Gregory Amberg

Professor, Department of Biomedical Sciences Biomedical Sciences

W302 Az

(970) 491-4300

About Gregory

Dr. Amberg is Assistant Professor of Cardiovascular Pharmacology. His laboratory investigates how reactive oxygen species induce pathological changes in arterial smooth muscle associated with hypertension. Results from this research aim to provide insight into understanding why clinical trials with antioxidant supplements generally produce negative results and thereby lead to new pharmacological tools for the clinical prevention and management of hypertension. Blocking the increased calcium channel function should prevent arterial contraction leading to high blood pressure and diseases such as stroke. Events underlying altered calcium channel function during hypertension are being explored by a combination of total internal reflection fluorescence microscopy, voltage-clamp electrophysiology, fluorescent calcium imaging and video microscopy of intact arteries to seek new therapies for arterial disease.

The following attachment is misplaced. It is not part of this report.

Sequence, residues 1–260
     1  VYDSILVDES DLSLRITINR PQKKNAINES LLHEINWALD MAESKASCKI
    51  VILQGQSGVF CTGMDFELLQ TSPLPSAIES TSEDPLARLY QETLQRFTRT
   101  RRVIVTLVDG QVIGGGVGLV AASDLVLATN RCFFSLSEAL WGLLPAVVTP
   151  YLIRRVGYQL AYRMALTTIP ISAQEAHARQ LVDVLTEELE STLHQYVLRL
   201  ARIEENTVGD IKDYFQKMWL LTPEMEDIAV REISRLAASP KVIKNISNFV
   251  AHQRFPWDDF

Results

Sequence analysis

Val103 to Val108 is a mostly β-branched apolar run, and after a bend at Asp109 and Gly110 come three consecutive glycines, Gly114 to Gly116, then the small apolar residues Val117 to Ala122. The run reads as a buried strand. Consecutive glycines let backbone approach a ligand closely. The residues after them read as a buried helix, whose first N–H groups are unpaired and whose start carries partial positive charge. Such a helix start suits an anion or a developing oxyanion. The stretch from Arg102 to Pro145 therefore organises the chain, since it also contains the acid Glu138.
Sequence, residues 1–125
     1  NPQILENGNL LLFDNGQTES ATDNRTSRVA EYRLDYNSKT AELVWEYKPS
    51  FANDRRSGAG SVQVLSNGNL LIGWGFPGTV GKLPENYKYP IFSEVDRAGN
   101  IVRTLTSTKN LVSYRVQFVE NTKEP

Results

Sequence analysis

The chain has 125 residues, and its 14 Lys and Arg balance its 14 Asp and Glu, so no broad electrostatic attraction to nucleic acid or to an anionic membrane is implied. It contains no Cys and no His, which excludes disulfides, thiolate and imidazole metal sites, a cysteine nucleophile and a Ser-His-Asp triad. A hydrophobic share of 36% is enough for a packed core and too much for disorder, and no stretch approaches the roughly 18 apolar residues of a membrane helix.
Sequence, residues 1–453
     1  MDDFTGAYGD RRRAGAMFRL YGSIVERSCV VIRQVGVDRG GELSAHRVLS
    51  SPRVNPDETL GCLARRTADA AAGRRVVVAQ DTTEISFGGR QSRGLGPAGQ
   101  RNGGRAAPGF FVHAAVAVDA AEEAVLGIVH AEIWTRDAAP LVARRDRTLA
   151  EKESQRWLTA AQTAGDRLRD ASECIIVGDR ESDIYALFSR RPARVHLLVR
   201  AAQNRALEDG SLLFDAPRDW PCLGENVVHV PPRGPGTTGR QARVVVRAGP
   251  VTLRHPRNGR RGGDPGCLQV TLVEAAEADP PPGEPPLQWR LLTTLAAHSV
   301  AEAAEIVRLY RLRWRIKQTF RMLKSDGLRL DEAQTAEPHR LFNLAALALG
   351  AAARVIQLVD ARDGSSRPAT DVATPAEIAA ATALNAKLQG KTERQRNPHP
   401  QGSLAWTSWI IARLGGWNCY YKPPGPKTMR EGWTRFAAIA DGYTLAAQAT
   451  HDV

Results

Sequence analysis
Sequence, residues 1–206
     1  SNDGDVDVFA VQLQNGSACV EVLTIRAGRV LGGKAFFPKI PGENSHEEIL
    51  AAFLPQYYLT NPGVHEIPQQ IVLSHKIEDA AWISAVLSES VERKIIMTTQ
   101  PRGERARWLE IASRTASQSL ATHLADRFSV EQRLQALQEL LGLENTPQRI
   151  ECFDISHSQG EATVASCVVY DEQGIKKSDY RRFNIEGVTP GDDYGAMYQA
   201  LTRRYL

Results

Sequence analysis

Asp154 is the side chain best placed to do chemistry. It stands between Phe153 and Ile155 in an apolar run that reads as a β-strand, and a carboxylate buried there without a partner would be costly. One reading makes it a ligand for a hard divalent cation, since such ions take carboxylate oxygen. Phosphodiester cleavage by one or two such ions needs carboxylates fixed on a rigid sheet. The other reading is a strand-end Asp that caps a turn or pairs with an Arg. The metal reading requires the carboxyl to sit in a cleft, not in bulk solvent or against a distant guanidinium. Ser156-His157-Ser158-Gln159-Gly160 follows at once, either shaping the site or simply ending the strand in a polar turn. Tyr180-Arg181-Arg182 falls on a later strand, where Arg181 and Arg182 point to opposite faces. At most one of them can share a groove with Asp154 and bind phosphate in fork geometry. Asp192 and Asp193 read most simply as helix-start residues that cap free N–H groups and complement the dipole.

PharmD, Idaho State University College of Pharmacy, 1998BS, Idaho State University, 1994PhD, University of Nevada School of Medicine, 2002


Registered Pharmacist, Nevada State Board of Pharmacy

Research Specialty

Ion channelsResearch in the lab involves the study of ion channels in arterial smooth muscle and their impact on arterial function. Changes in ion channel behavior during pathophysiological conditions such as hypertension are of particular interest.Calcium channelsLab projects focus on the investigation of highly localized calcium signals produced by L-type voltage-dependent calcium channels (called "calcium sparklets") located in the plasma membrane of arterial smooth muscle cells. We are investigating redox-dependent modulation of L-type calcium channel function by reactive oxygen species. Experimental approaches used include a combination of patch-clamp electrophysiology, molecular biological methods, pressurized intact arteries and imaging techniques.